John Oliver Would Like You To Replace Your Bogus Facebook Copyright Privacy Statement With His Own

from the do-it-now dept

A few years back, we wrote about that ridiculous thing that clueless Facebook users were posting, in which they thought that by posting some idiotic and usually wrong text that sometimes referenced copyright law or random international criminal laws, it would mean that Facebook's terms of service no longer applied to them. Here's the version of this nonsense we wrote about then:
In response to the new Facebook guidelines I hereby declare that my copyright is attached to all of my personal details, illustrations, comics, paintings, photos and videos, etc. (as a result of the Berner Convention).

For commercial use of the above my written consent is needed at all times!

(Anyone reading this can copy this text and paste it on their Facebook Wall. This will place them under protection of copyright laws, By the present communiqué, I notify Facebook that it is strictly forbidden to disclose, copy, distribute, disseminate, or take any other action against me on the basis of this profile and/or its contents. The aforementioned prohibited actions also apply to employees, students, agents and/or any staff under Facebook’s direction or control. The content of this profile is private and confidential information. The violation of my privacy is punished by law (UCC 1 1-308-308 1-103 and the Rome Statute).

Facebook is now an open capital entity. All members are recommended to publish a notice like this, or if you prefer, you may copy and paste this version. If you do not publish a statement at least once, you will be tacitly allowing the use of elements such as your photos as well as the information contained in your profile status updates.
We wrote about it after the MPAA's Chris Dodd used it as an example of the importance of copyright law -- because Dodd appears to feel that copyright misinformation is a good thing.

Anyway, as lots of people have been noticing lately, this little bit of insanity is back in a big way -- and judging from the number of people talking about it and news stories covering it, it's bigger this time than in the past (though, amazingly, I've yet to see it anywhere on my Facebook feed -- which either means people I'm friends with are smarter than that -- or Facebook's algorithm knows enough to keep that crap away from me). Matt Schruers, over at the Disruptive Competition Project, has a good post on how the unenforceability of unilateral proclamations made online is a really good thing for the internet.

But, the best response has to be from Mr. John Oliver himself, who apparently took time out of his daily schedule to create a video debunking the ridiculous hoax... and replacing it with some new viral memery, which includes reposting this very video.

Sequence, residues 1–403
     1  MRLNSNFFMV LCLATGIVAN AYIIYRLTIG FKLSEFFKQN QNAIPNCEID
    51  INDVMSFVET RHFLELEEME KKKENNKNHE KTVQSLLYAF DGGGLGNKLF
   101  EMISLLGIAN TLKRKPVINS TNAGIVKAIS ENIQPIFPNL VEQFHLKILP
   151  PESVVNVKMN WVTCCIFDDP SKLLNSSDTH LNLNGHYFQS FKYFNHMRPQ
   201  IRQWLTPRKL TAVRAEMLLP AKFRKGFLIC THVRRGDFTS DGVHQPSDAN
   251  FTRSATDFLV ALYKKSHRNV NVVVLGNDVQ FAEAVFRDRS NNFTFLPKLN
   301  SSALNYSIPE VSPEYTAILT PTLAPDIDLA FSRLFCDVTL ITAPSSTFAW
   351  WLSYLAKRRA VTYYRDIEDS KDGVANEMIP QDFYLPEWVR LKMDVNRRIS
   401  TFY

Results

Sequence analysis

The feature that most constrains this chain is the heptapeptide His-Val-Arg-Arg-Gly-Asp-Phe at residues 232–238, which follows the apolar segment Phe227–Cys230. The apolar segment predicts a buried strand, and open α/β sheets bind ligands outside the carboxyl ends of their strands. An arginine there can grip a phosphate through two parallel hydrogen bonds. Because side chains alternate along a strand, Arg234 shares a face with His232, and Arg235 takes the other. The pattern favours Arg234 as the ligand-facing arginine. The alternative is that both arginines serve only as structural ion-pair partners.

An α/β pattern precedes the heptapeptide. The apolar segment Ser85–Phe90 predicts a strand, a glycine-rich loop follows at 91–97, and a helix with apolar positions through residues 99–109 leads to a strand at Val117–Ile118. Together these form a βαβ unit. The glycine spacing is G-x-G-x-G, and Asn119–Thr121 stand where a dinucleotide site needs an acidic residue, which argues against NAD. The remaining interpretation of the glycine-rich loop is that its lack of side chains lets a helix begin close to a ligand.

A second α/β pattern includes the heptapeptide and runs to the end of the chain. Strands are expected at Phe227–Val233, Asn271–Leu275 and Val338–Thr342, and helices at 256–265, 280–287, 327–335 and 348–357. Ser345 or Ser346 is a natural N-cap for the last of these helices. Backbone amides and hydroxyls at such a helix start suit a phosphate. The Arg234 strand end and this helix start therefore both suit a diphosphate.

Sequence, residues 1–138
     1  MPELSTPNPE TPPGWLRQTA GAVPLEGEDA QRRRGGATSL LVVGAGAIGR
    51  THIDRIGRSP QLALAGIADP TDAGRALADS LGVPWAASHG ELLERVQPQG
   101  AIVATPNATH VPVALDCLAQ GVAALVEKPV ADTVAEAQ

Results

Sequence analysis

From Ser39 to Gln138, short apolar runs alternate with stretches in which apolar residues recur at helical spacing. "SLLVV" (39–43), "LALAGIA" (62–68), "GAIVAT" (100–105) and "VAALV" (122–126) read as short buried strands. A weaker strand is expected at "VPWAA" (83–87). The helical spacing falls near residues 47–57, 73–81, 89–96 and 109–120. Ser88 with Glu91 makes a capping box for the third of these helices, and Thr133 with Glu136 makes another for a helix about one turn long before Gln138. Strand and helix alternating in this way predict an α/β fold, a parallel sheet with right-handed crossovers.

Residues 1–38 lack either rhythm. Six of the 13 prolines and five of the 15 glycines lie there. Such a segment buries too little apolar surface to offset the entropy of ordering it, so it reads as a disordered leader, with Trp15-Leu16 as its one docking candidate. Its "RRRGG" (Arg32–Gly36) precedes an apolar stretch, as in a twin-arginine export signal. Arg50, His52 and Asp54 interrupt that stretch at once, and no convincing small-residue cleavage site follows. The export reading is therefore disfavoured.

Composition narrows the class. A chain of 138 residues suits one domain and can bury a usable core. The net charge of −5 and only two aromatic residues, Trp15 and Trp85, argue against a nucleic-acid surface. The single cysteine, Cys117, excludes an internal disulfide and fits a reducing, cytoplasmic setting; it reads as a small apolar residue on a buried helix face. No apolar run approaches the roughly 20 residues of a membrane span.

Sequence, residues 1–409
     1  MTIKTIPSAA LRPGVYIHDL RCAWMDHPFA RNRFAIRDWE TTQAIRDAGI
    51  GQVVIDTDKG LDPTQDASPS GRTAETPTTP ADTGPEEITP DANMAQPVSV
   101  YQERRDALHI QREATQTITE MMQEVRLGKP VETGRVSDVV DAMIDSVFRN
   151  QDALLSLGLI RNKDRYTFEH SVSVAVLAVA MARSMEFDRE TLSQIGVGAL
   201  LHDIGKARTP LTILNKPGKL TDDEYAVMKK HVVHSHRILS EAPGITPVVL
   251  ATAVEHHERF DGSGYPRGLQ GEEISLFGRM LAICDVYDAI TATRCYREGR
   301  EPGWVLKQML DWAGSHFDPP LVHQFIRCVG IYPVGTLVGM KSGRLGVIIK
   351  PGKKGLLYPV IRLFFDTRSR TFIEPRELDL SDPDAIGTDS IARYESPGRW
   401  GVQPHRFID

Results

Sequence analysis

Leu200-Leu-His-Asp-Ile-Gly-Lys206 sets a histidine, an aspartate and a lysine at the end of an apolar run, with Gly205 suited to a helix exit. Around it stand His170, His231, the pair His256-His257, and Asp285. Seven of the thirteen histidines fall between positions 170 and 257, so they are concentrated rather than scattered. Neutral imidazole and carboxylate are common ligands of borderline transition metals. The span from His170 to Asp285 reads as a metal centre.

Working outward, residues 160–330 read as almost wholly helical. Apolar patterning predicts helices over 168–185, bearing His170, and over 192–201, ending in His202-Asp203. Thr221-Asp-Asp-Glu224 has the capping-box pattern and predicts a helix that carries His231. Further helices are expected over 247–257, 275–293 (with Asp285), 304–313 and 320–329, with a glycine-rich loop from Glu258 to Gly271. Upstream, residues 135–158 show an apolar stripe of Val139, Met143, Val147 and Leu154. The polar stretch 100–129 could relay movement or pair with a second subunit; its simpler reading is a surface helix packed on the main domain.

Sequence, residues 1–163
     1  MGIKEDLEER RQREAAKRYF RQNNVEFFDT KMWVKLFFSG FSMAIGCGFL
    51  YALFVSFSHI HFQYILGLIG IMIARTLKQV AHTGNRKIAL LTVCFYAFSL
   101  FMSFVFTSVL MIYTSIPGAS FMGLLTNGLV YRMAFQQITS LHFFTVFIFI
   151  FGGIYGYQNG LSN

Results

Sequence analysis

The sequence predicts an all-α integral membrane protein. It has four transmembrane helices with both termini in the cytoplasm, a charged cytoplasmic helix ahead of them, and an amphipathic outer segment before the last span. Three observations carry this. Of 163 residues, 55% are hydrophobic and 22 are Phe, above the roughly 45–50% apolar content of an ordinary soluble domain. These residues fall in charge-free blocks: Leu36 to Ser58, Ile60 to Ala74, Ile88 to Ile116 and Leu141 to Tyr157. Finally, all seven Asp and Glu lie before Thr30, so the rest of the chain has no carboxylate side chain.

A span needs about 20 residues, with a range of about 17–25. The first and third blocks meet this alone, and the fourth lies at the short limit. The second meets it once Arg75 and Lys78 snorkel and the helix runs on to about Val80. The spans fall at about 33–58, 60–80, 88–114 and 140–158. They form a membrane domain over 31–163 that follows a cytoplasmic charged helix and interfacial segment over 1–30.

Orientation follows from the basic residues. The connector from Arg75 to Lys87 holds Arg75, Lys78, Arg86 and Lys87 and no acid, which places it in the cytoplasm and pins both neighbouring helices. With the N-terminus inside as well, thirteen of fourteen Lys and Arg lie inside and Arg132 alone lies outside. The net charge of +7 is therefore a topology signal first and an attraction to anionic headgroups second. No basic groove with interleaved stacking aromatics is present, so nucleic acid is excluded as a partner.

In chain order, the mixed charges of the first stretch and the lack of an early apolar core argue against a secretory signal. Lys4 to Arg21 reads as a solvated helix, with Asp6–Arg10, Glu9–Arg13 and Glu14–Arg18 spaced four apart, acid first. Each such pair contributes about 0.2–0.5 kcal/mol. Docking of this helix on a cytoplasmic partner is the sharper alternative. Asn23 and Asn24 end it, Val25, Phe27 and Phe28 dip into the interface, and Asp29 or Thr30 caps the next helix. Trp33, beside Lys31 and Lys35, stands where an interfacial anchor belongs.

Done and done.

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  • This comment has been flagged by the community. Click here to show it
    identicon
    Anonymous Coward, 1 Oct 2015 @ 6:40am

    But you're okay with Facebook's arbitrary insane pages of unfounded legalese that says it can grab any and all content it hosts?

    So people's stuff isn't theirs in this case?

    Yet again, you simply advocate for a mega-corporation rather than users. And show that you're rabidly anti-copyright.

    Facebook is a permitted entitry that must serve the public or be taken apart, and does not get to dictate all terms.

    reply to this | link to this | view in chronology ]

    • This comment has been flagged by the community. Click here to show it
      identicon
      Baron von Robber, 1 Oct 2015 @ 6:44am

      Re: But you're okay with Facebook's arbitrary insane pages of unfounded legalese that says it can grab any and all content it hosts?

      No, you're just a copyright maximalist asshat.

      reply to this | link to this | view in chronology ]

    • identicon
      Anonymous Coward, 1 Oct 2015 @ 6:45am

      Re: But you're okay with Facebook's arbitrary insane pages of unfounded legalese that says it can grab any and all content it hosts?

      Where did he say that? If you choose to use someone else's platform and agree to their terms, then you are stuck with them. Of course you are free to not use the platform too.

      The difference between their TOS and your statement on of copyright on your wall is you agreed to their terms when you signed up, they did not agree to your terms on your wall post.

      reply to this | link to this | view in chronology ]

    • identicon
      Anonymous Coward, 1 Oct 2015 @ 6:53am

      Re: But you're okay with Facebook's arbitrary insane pages of unfounded legalese that says it can grab any and all content it hosts?

      What are you on crack? Facebook is a private company that can dictate terms. If you do not like said terms then you can quit using Facebook.

      That being said , who the fuck wants to use that crappy social media anyways, only losers are on there.

      reply to this | link to this | view in chronology ]